Wednesday, May 30, 2012

Gonif With The Wind

The classics are constantly up for reinterpretation. At the recent Best of PlayGround Festival, Raelle Myrick-Hodges directed Garret Jon Groenveld's short play, Childless, in a way that offered new insights into exactly why Medea (Cathleen Riddley) chose to kill her two sons.

Cathleen Riddley as Medea in Childless
Michael J. Asberry portrayed Jason as an archetypal male chauvinist pig who insisted that the reason he could bring Creusa Glace (Roselyn Hallett) home as a trophy wife was because he was, after all, Medea's king. A few tacky insults from Creusa Glace was all it took to strengthen Medea's resolve. The following clip gives a brief glimpse of a royal marriage on the rocks.

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Shakespeare's plays are always fair game for interpretation. Several months ago, Ralph Fiennes unveiled his brilliant cinematic updating of Coriolanus. At last summer's Frameline LGBT Film Festival I was deeply impressed with Alan Brown's provocative approach to Romeo and Juliet. In his director's statement, Brown wrote:
"Though Romeo and Juliet is usually interpreted as a romantic tale of young love thwarted by a family feud, recent re-readings convinced me that it is actually a much more modern and relevant story about sexual identity and desire pitted against society and its institutions; about personal freedom and rights versus authority. As a gay man and an artist frustrated by the political battles and inaction over gay equality and by the heart-breaking epidemic of gay bullying, I thought Shakespeare would be the perfect vehicle for exploring these issues. As Private Romeo’s high school military cadets find themselves in the kinds of emotionally tumultuous situations -- falling in love, the loss of friendship, confronting homophobia -- that would leave any adolescent (or adult) at a loss for words -- they must use Shakespeare’s language as their sole means of expression, forcing them to explore the profound drama of coming of age."

Brown sets the action on the campus of the fictional McKinley Military Academy, where a group of eight cadets are left behind over a school break while everyone else heads out to visit friends and family. The cadets are instructed to follow their standard military routine with no deviation. But as they begin to read Shakespeare aloud in a classroom, an interesting transformation takes place. Slowly, each cadet starts to identify with one of the characters from Romeo and Juliet, taking on that character's emotions and lines long after leaving the classroom.

Whether rallying around friends, protecting one cadet from bullying, or falling in love with another cadet who plays on the opposing basketball team, the language of Shakespeare dominates the action in Brown's film. It's an interesting twist, especially considering that in Shakespeare's day all roles were played by men.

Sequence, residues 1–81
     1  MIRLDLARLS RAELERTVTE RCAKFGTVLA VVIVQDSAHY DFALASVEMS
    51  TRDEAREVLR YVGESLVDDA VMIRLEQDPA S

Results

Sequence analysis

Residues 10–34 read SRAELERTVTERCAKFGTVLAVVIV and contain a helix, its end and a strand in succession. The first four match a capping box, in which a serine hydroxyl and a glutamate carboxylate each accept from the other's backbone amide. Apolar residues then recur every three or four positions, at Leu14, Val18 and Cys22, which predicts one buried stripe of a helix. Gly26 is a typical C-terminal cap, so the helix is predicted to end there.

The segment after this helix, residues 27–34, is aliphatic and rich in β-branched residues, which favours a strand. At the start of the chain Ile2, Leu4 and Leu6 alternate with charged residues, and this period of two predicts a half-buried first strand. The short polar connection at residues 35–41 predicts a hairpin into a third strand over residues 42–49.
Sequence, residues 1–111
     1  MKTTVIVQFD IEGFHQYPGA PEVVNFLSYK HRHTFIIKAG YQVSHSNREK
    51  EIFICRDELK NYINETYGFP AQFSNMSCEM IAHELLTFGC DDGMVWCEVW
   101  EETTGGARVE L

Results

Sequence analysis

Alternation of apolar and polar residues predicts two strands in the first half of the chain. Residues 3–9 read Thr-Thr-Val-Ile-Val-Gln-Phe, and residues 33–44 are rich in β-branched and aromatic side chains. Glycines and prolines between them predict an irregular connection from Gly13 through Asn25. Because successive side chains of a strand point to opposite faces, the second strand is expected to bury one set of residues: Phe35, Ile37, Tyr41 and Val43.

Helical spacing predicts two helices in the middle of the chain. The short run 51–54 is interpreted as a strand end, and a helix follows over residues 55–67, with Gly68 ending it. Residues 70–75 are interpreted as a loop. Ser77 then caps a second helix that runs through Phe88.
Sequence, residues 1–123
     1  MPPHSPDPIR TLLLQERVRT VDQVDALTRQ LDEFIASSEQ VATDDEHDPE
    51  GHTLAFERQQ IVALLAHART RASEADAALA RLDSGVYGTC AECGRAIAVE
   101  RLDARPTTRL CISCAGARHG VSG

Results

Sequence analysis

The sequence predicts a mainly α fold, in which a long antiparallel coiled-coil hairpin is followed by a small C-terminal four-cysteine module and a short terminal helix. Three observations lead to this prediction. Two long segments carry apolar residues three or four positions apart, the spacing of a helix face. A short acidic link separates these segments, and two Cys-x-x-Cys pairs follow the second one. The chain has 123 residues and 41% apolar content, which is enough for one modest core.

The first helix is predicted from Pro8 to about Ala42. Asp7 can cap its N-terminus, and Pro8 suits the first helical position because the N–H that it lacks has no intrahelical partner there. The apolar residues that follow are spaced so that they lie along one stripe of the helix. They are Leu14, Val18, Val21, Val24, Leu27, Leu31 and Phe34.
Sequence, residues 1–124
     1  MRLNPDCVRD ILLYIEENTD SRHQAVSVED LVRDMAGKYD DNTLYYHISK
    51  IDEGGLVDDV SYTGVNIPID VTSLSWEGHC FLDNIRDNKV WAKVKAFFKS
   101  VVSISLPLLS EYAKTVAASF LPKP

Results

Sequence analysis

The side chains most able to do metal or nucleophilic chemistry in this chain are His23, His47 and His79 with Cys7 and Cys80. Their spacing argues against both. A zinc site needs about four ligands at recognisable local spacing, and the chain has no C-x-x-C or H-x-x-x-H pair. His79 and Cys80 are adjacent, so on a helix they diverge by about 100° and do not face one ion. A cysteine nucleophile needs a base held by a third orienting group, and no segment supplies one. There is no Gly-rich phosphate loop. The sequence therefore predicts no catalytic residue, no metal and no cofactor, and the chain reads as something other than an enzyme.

Whether you are a Shakespeare scholar, love to watch young jocks playing basketball, or have a fetish for men in uniforms, Private Romeo offers plenty of food for thought. From sharply-angled locker room shots to darkly-lit moments of self doubt, Derek McKane's cinematography helps to frame the roiling emotions of young love, jealousy, ecstasy, and revenge.

If you have not yet seen Private Romeo, you should definitely rent it from Netflix or purchase the DVD. What I love about this film is how it takes one of the world's most famous love stories and transfers it from very publicly recognizable segments of society to a more stifling and insular subculture. Here's the trailer:

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It's hard to find a more stifling and insular culture in America than that of Hasidic Jews, which is why Romeo and Juliet in Yiddish is such an interesting project. The history of the Yiddish theatre is filled with productions that "improved" upon the original (including Shakespeare). Eve Annenberg's film takes some wonderful leaps of fancy while staying remarkably close to the original play.

Annenberg was as surprised as anyone else by her inspiration for the film:
"For Jews living in New York, we have only to look around us, even on the subway, to be faced with a culture which is ours, yet not ours. The divide between Ultra Orthodox and Secular Jews is so wide that we differ on the definition of what it is to be a Jew. This has become a huge issue not just in Israel but also here, on the streets of Manhattan and the neighborhoods of Brooklyn where we pass each other, but do not talk.
As a super secular person I used to have a lot of issues with the Ultra Orthodox (if I even thought about them). Loathed their politics, their effect on Israel, their general aloofness, even their style. I think it's Woody Allen who said 'Every Jew thinks that any Jew who is more religious than he crazy.'

Then, in 2006, I stumbled upon a floating weekly party of Ultra Orthodox and Ultra Orthodox 'leavers' who came together weekly to chat, eat, sing, and interact with secular people and non-Jews. They listened to impromptu lectures (one regularly given on philosophy by a friend to the group, a Palestinian philosopher en route to China to teach English). I was hooked by the singing, that a cappella wail in a minor key which reminded me of my childhood, and the transporting, disorienting presence of a dozen people, age 18 to 23, who were speaking Yiddish as a first language. I felt like I had stepped back in time, like I was in a bunker in Europe in the 1940s, like I'd landed in a Yiddish Oz.
It was a visual feast, from the fashionably unkempt young, integrating traditional talismans, from peyos to the tape measure, to the fantastically put together Satmar visions of ...what? Dutch Jews circa 1600? The first time I perceived a 21 year old in white knee socks, black layers and peyos as a romantic vision, I knew that something had shifted for me and that perhaps I could share my new perception and the thrill I got (when hearing speedy young Yiddish babbling around me) with my own world."